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Subjective measures of binge drinking and alcohol-specific adverse health outcomes: a prospective cohort study

Authors


Tapio Paljärvi, Department of Primary Care and Public Health, Imperial College London, St Dunstan's Road, London W6 8RP, UK. E-mail: tapio.paljarvi@helsinki.fi

ABSTRACT

Aim  To determine the performance of subjectively defined intoxications, hangovers and alcohol-induced pass-outs in identifying drinkers at risk for adverse health outcomes.

Design  Prospective population-based cohort study.

Setting  Working-aged Finnish general population.

Participants  A total of 21 204 alcohol-drinking men and women aged 20–24, 30–34, 40–44 and 50–54 years at baseline who participated in the Health and Social Support (HeSSup) postal survey in 1998.

Measurements  Binge drinking was measured by subjectively defined intoxications/drunkenness, hangovers and alcohol-induced pass-outs. Hazardous drinking was defined according to Finnish guidelines as weekly total intake of >287 g of ethanol for men, and for women > 191 g of ethanol (≥24 and ≥16 standard drinks, respectively). Study participants were followed-up for 7 years for alcohol-specific hospitalizations and deaths. Proportional hazard models and areas under the receiver operating characteristics curves (AUC) were used to analyse the data.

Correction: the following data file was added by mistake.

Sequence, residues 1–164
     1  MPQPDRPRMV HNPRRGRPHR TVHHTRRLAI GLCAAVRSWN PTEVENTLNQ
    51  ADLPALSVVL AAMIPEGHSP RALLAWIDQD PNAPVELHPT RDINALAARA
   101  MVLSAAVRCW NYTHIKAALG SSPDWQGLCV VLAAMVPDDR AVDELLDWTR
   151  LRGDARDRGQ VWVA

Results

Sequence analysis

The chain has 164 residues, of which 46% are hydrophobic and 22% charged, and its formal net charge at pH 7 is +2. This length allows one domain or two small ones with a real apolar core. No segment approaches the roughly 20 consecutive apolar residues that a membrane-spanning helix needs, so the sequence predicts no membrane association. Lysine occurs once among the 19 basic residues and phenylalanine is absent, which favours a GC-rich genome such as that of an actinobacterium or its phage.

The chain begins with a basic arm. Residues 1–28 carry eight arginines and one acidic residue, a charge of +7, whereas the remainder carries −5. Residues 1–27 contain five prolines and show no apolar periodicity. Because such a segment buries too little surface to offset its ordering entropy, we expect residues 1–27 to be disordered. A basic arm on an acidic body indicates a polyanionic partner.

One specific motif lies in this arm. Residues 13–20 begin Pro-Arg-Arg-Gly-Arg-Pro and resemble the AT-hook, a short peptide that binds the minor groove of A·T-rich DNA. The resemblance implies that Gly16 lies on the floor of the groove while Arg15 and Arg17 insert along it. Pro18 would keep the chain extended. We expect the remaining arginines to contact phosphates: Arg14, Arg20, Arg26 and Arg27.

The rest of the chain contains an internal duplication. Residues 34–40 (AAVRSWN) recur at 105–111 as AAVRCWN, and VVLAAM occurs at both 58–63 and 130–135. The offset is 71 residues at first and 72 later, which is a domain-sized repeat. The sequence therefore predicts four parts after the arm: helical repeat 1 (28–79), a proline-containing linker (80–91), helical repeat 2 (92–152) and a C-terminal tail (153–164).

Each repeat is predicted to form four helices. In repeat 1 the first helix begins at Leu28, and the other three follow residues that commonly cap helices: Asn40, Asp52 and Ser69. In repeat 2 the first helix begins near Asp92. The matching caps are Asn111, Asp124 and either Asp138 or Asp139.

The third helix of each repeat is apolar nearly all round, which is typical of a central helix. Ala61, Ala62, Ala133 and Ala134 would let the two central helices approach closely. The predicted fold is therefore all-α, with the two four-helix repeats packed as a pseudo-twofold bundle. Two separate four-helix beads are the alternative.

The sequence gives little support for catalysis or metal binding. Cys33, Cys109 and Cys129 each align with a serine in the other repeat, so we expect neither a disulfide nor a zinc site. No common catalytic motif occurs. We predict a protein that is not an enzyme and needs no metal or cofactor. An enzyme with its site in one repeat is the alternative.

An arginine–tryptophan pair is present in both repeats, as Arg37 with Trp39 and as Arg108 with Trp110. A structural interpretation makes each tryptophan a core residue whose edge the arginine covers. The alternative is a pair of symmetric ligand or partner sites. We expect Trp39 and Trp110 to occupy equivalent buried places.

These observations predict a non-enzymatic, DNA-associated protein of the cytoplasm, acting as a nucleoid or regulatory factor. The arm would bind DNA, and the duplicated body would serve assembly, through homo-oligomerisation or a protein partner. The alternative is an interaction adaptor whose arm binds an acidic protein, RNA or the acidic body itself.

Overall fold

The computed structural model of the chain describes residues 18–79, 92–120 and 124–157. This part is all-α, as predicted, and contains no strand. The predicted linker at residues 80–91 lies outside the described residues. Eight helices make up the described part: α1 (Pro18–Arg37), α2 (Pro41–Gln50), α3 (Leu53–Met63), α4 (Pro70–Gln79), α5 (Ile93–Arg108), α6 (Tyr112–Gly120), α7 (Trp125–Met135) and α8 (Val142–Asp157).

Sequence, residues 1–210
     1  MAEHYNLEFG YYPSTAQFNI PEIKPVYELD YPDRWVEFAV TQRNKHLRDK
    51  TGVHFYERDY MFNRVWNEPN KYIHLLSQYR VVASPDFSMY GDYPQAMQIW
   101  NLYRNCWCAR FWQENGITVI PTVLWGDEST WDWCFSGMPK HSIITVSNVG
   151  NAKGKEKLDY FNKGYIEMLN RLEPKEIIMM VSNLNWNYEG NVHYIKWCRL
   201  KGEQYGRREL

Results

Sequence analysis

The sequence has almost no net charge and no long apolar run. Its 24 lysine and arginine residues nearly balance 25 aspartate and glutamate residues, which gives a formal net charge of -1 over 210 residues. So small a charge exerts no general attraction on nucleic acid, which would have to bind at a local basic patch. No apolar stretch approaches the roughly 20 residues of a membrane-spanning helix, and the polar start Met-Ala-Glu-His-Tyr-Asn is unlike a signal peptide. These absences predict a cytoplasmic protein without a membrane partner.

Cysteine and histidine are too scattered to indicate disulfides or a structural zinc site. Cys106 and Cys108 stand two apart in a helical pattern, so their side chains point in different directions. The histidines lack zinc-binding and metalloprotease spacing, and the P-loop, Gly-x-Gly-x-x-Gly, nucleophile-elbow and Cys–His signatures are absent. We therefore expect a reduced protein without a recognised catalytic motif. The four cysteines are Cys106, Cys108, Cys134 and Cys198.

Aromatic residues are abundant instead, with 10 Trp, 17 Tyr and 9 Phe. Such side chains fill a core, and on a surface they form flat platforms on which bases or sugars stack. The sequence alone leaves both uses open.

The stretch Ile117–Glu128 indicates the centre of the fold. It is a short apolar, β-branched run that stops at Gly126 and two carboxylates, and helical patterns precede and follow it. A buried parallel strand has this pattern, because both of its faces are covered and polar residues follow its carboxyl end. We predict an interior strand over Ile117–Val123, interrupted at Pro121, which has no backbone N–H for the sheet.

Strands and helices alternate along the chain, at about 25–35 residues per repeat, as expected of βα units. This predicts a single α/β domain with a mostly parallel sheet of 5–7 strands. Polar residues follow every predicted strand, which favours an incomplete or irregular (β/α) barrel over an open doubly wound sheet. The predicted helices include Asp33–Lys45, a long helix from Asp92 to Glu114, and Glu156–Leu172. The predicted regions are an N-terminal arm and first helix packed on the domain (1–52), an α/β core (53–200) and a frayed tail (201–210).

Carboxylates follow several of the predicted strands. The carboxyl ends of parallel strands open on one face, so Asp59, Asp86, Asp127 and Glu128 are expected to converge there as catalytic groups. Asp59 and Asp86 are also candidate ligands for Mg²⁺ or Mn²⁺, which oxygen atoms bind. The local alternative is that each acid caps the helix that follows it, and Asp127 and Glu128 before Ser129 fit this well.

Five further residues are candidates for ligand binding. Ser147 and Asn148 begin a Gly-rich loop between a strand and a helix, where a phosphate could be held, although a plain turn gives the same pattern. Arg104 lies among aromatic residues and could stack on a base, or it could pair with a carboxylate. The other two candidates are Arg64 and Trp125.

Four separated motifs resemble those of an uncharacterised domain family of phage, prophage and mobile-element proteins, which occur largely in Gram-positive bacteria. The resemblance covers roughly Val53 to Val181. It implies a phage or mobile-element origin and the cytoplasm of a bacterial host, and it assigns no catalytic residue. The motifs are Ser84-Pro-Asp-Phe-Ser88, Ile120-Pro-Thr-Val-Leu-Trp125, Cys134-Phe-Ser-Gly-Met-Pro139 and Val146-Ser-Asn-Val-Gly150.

Findings  Of the drinkers, 6.5% exceeded the weekly limit for hazardous drinking, and 1.5% experienced the alcohol-specific end-point during the follow-up. Subjective intoxications, hangovers and alcohol-induced pass-outs all predicted future alcohol-specific diagnoses independently of average intake and of several other potential confounders. In identifying baseline hazardous drinking, subjective intoxications had a superior performance in relation to other subjective measures of binge drinking. In identifying future alcohol-specific hospitalizations or death, subjective intoxications had also the best performance, but this was not significantly different from the other binge drinking measures, or average intake.

Conclusions  Subjectively defined intoxications, hangovers and alcohol-induced pass-outs are population-level proxy measures of at-risk drinking patterns.

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